Wheat is one of the biggest dietary triggers of food allergies and intolerances. Wheat contains gluten, a type of protein found in many grains.  It gives dough elasticity, trapping air bubbles and creating a soft texture. Because soft is considered desirable, wheat today is bred to have more gluten than ever before. We cannot say for sure, but many experts blame genetically modified wheat’s high gluten content for the huge rise in wheat intolerance. 

White flour comes from a hybrid seed, grown with chemicals, stripped of nutrients and fiber, bleached white, and abundantly available in all meals and snack foods. Repeatedly eating too much of any food at one time can eventually overwhelm the body’s ability to digest it fully.

An allergy may not be recognized instantly, but food allergies can cause many kinds of symptoms, from sinusitis to psychosis, from asthma to arthritis, hyperactivity to depression, insomnia to narcolepsy, and commonly the symptoms don’t manifest immediately after eating. Frequently, wheat allergy reactions are so low grade as to be unnoticeable and may not produce an observable condition until many years of them grinding down our vital force. When the condition finally appears it is hard to associate it with some food that has been consumed for years, apparently with impunity.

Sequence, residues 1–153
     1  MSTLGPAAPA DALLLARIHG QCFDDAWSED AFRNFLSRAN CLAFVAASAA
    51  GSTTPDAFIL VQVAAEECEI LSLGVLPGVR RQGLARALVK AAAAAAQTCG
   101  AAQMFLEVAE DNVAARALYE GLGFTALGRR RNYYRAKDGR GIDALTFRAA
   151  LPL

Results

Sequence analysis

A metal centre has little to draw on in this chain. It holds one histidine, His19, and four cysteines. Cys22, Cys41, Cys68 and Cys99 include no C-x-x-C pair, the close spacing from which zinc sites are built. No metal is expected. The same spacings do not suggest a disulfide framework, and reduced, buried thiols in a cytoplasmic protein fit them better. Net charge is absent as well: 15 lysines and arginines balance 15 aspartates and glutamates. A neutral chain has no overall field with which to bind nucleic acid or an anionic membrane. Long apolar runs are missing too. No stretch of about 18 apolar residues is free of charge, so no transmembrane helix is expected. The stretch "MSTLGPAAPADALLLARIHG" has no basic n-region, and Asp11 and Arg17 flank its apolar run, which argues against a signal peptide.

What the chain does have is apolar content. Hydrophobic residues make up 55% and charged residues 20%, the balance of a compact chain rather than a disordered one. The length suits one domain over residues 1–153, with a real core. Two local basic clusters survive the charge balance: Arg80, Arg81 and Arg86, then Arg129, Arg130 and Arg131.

4. White flour causes inflammation and chronic disease

Excessive consumption of refined carbohydrates, such as sugar and white flour, have an inflammatory effect on the body. An average person consumes more than 160 pounds of sugar and 200 pounds of white flour per year. Sugar and white flour increase blood sugar, and when blood sugar spikes, glucose builds up in the blood. When glucose loiters in the blood, it gets into trouble by attaching itself to nearby proteins. The result is a chemical reaction called glycation, a pro-inflammatory process that plays a role in a host of inflammatory diseases.  

Many of the diseases that we think of as part of aging are actually caused by this process. Depending on the individual, the result can be arthritis, heart disease, cataracts, memory loss, wrinkled skin, cellulite, or diabetes complications, to name a few.

5. White flour is acidic

Acidity is another problem. Most people living in first world countries eat an acidic diet resulting from too much salt, sugar, white flour, dairy, meat, and soft drinks. Many experts consider over-acidity to be one of the major causes of chronic inflammation, a major cause of arthritis (pure acid on the bones and joints) and other chronic illnesses. If we included more fruits and vegetables in our diets, especially in an uncooked state, we could maintain a better alkaline balance and enjoy health and vitality.